by Mark Bourrie
(IPS) OTTAWA --
huge U.S. pharmaceutical industry is trying to crush Canadian-based Internet companies that sell drugs at relatively low prices to U.S. customers, Canadian pharmacists say.
The Canadian-based pharmacies have won the support of the powerful senior citizens' lobby in the U.S., known as AARP, formerly the American Association of Retired Persons. Its members constitute the biggest voting block in the U.S. and are major contributors to both of the main political parties.
The business is huge and growing fast. U.S. government figures show about 1 million U.S. customers, 90 percent of them senior citizens, bought some $600 million worth of drugs through Canadian online or mail-order pharmacies last year. The Internet pharmacies filled 2 million prescriptions.
The year before, Canadian Internet pharmacies filled $300 million worth of prescriptions. The year before that, they didn't exist.
Most Internet pharmacies are based in Manitoba.
Because of the low U.S.-Canadian dollar exchange rate, Canadian government drug price regulation and generic alternatives, Canadian-based Internet pharmacies are able to offer prescription medication for less than it costs in U.S. drug stores.
Canadian Internet pharmacies are also fighting a battle to survive in their home country. The Manitoba Pharmacists Association, which regulates all pharmacists in the province, and the Manitoba International Pharmacists Association are locked in a battle over regulation of Internet pharmacies.
Colin MacArthur, lawyer for Manitoba's Internet pharmacists, says a mediated settlement between the two groups broke down in July when the members of the province's pharmacists association refused to ratify it.
"Seniors groups in the United States have very effectively and very loudly made known to the politicians in the United States that they feel that continued access to Canadian prescription pharmaceuticals is critical," he said. "My clients have no desire to negotiate themselves out of business."
GlaxoSmithKline, which supplied $60 million worth of those prescription drugs to Internet pharmacies, has stopped shipping its drugs to Canadian pharmacists that have web sites and to warehouses that supply them. The Canadian International Pharmacy Association and the Manitoba International Pharmacists Association filed a complaint about Glaxo's move with the Canadian Competition Bureau and is threatening to sue Glaxo.
Glaxo said drugs should be prescribed and monitored by a physician based on face-to-face visits to ensure the medication is needed and is used properly. The company claims it cannot be sure the drugs are being properly stored or shipped. "We're doing this out of concern for patients' safety," Glaxo spokeswoman Patty Seif said of the cut-off.
MacArthur says his association has threatened legal action against Glaxo but, so far, is relying on its application to the Competition Bureau.
The Canadian International Pharmacy Association disputes Glaxo's assertion that U.S. customers face potential hazards by buying from Canadian pharmacies.
"Our members across Canada are all licensed pharmacists that adhere to all of the appropriate standards imposed by their respective regulators," said Andy Troszok, the association's vice president for standards.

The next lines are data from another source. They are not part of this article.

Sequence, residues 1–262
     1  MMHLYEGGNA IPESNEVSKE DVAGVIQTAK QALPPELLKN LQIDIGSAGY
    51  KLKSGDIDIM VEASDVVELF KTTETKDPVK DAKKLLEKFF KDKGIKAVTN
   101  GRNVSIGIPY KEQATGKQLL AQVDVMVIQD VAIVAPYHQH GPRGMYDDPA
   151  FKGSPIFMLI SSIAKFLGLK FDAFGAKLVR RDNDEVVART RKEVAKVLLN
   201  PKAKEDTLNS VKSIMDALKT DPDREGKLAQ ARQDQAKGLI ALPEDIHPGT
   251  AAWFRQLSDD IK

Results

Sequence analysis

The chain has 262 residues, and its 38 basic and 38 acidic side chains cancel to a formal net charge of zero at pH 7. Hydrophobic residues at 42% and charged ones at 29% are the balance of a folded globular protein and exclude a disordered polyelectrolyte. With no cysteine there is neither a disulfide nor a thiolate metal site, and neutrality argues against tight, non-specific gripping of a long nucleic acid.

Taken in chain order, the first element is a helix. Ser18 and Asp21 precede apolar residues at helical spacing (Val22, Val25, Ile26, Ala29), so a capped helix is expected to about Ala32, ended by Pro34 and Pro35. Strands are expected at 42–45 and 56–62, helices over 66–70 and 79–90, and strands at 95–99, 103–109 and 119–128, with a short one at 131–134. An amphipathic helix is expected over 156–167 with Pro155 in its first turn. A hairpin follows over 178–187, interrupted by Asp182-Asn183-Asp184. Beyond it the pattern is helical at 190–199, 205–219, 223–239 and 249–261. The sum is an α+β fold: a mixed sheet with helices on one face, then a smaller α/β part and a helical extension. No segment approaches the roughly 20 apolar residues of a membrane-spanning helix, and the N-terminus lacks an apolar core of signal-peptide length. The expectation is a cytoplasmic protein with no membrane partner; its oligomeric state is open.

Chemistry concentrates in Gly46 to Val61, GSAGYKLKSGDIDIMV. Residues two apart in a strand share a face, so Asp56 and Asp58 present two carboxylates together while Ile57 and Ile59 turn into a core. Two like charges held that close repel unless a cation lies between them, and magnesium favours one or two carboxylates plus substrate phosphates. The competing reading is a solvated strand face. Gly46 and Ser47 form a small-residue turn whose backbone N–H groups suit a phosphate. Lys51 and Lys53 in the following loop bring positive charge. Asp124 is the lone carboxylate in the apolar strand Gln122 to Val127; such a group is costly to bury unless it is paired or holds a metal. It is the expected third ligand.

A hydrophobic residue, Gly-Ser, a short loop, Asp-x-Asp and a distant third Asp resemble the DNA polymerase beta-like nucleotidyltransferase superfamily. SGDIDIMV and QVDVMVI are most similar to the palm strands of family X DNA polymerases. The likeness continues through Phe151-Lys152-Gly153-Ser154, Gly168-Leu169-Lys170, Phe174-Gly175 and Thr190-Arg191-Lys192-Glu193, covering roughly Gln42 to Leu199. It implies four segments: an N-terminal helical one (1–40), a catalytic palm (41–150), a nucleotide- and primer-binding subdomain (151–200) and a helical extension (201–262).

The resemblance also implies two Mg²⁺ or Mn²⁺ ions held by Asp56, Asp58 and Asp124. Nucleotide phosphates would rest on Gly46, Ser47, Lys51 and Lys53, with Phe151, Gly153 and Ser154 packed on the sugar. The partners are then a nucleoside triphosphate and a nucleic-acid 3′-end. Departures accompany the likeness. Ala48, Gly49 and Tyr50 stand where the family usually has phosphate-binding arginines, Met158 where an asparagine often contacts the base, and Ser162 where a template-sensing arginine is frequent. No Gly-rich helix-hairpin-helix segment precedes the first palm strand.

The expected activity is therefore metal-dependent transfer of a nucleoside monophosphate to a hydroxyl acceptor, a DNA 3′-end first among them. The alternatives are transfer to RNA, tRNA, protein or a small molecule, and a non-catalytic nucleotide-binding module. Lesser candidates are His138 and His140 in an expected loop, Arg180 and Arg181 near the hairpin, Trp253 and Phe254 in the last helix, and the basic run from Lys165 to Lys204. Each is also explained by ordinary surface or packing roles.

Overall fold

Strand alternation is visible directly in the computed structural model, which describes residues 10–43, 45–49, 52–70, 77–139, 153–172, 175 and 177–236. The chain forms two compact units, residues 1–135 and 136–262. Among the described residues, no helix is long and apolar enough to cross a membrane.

Twenty-one members of Congress wrote to Glaxo's Chief Executive Officer Jean-Pierre Garnier, urging him to reconsider the decision, warning it would "severely hurt" many senior citizens and even cause some to die prematurely because they can't afford medications.
Boycotts of Glaxo products have been organized by senior citizens' groups in several states and by the largest U.S. AIDS organization, the AIDS Healthcare Foundation. The AIDS group calls Glaxo's decision "unconscionable, greedy and heartless" because it could deny life-saving AIDS medications to low-income people.
According to documents leaked to the New York Times this spring, the U.S. drug lobby group PhRMA has budgeted an extra $450,000 to attack the legitimacy of the online drug industry, which is centered in Manitoba.
The association wants the Canadian government to drop its caps on drug prices that keep drug costs here lower than those in the U.S.
"We believe price controls are bad for patients because it takes away innovation," said Mark Grayson, PhRMA's senior director of public affairs. "The Canadian system couldn't exist without the United States and we're trying to ensure that there is some burden-sharing with the Canadian consumer to enjoy the fruits of the medicines they are using."
In their Feb. 4 letter to Glaxo, 21 members of Congress -- including Rep. Pete Stark of California, the leading Democrat on the House Ways and Means subcommittee overseeing health care issues -- urged Glaxo to reconsider its decision.
"America's seniors are already struggling to afford the costs of the life-saving drugs their physicians prescribe them," the letter reads. "Some are forced to choose between food, heat and medicine. Others are forced to ignore their physicians advice and simply not take the medication at all."
AARP, while not directly criticizing Glaxo, said the dispute illustrates the need for more affordable prescription drugs as well as congressional action.
"What this is really showing us is the extreme hardship of people on this side of the border to afford the medications they need," said Steve Hahn, an AARP spokesman. "And it speaks volumes of the need for the Medicare prescription drug benefit."
July 24, 2003 (http://www.albionmonitor.net) All Rights Reserved. Contact email@example.com for permission to use in any format.
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